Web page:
In addition, the most recent data remained mixed on if cold shots would return across the northern and eastern United States Jan. 8-10. “Again, there’s likely to be very cold air over Canada during the second week of January, but cold over Canada is not cold over the U.S. and would need to trend further south for bullish sentiment to return,” NatGasWeather said.
Meanwhile, Friday’s storage data provided slightly more bearish news to the market. The Energy Information Administration (EIA) reported an on-target 48 Bcf withdrawal for the week ending Dec. 21, leaving inventories at 2,725 Bcf, 623 Bcf less than last year at this time and 647 Bcf below the five-year average.
“After quite a bit of weekly noise with the EIA print, we finally see a number that fits our expectations well with no real regional surprises,” Meisel said. The print was 2 Bcf bearish from Bespoke’s expectation “but sits solidly in the middle of market expectations."
If anything, the number may be a touch bearish as looser daily balances this week mean an even smaller draw may be announced next week, according to Bespoke. This means that with any warmer model guidance, gas can test $3.25-$3.30.
“However, weather remains primarily in control here, with the last couple EIA prints still showing that with enough cold weather, the market can tighten quickly, so once models cool, prices can bounce quickly,” Meisel said.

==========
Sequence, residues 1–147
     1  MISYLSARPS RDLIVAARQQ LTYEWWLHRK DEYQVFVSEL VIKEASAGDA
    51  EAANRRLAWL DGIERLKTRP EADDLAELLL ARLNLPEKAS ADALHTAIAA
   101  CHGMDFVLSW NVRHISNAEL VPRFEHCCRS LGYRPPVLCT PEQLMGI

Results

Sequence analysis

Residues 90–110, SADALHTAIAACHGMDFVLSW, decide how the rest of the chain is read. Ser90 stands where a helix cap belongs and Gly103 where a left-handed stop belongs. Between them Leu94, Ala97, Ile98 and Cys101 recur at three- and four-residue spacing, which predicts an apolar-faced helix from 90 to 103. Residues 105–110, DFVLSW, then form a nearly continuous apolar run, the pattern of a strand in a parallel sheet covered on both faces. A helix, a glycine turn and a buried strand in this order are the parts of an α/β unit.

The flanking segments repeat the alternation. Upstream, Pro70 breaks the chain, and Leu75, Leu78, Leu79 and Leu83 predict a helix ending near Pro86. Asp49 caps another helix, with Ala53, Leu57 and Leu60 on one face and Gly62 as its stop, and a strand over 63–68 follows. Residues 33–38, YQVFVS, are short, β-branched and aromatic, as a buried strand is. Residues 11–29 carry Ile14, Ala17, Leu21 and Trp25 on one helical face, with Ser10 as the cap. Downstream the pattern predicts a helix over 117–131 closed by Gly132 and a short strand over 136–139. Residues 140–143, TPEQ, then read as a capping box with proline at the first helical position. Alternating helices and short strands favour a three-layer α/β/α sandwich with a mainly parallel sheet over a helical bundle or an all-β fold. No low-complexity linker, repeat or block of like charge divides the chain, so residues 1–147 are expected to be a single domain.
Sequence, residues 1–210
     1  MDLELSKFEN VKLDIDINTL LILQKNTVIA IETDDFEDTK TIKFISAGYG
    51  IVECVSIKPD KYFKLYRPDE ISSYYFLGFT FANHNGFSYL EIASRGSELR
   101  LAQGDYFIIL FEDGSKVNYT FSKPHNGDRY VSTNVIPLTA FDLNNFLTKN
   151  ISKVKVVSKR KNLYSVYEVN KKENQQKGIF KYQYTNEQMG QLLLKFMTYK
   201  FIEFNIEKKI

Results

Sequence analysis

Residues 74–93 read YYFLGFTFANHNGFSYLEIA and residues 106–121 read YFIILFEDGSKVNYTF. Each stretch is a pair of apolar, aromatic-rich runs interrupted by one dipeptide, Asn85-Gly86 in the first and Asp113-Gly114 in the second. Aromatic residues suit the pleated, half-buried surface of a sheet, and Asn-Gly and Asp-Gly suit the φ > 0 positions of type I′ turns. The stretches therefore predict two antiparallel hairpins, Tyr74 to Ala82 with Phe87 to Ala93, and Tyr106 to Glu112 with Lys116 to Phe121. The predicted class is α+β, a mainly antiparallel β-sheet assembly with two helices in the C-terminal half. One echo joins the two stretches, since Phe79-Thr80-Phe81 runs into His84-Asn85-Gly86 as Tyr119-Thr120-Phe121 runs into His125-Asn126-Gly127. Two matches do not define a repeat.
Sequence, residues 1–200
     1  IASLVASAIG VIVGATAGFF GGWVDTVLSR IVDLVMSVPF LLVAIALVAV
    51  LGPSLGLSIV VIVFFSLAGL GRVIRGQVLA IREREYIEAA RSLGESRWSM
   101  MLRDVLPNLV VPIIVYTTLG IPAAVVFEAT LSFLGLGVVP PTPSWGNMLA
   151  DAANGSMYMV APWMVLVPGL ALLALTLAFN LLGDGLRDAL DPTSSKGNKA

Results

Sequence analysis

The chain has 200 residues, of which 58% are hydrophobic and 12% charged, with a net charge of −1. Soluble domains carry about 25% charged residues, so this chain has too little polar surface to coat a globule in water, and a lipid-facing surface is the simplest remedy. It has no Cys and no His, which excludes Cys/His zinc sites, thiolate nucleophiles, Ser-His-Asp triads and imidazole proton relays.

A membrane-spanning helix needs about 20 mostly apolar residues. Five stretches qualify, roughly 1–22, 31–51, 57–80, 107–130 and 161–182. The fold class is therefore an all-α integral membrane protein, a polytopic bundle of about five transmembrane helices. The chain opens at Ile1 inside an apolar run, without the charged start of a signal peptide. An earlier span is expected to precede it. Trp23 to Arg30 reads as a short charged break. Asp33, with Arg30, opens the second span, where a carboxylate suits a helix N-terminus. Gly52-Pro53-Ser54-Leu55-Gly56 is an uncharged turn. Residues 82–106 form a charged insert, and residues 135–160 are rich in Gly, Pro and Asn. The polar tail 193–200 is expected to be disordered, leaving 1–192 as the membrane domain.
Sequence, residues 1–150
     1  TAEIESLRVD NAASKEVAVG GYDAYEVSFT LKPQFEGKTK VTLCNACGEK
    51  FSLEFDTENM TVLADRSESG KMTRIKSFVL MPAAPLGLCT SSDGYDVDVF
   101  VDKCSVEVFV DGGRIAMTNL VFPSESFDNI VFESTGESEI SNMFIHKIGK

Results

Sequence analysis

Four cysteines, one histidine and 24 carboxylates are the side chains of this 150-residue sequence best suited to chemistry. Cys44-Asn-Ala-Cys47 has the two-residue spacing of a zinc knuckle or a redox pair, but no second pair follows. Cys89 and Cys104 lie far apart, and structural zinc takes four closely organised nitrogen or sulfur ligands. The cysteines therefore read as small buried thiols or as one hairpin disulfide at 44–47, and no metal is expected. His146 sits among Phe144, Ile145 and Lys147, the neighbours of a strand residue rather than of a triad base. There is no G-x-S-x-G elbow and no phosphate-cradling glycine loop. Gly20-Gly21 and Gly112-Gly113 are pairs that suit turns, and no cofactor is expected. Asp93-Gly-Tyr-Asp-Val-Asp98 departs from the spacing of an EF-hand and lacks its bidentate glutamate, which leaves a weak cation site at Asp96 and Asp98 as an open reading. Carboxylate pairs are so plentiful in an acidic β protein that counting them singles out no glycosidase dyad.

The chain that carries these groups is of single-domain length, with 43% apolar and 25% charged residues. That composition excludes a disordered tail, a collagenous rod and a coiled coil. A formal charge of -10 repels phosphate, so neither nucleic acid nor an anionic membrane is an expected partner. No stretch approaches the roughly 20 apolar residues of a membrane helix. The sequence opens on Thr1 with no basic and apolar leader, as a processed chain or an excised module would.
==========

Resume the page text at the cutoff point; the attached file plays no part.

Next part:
Furthermore, “...deficits are still quite hefty where buyers could be willing to step in if prices fall too much further,” NatGasWeather said.
Last year, a draw of 122 Bcf was reported, and the five-year average draw for the week is 121 Bcf.
Broken down by region, the EIA reported a 23 Bcf draw in the Midwest, a 16 Bcf pull in the East and a 2 Bcf pull in the South Central.
Spot Gas Bounces
Spot gas prices across the country rose Friday as a strong weather system with rain and snow was expected to move over the Great Lakes and east-central United States on Friday and then into the East on Saturday, according to NatGasWeather.
While the eastern United States was expected to remain quite mild Friday, with daytime temperatures running 15-25 degrees above normal from New York City to the Gulf Coast, demand was expected to increase over the weekend, with a glancing shot of frigid Canadian air impacting the northeastern United States.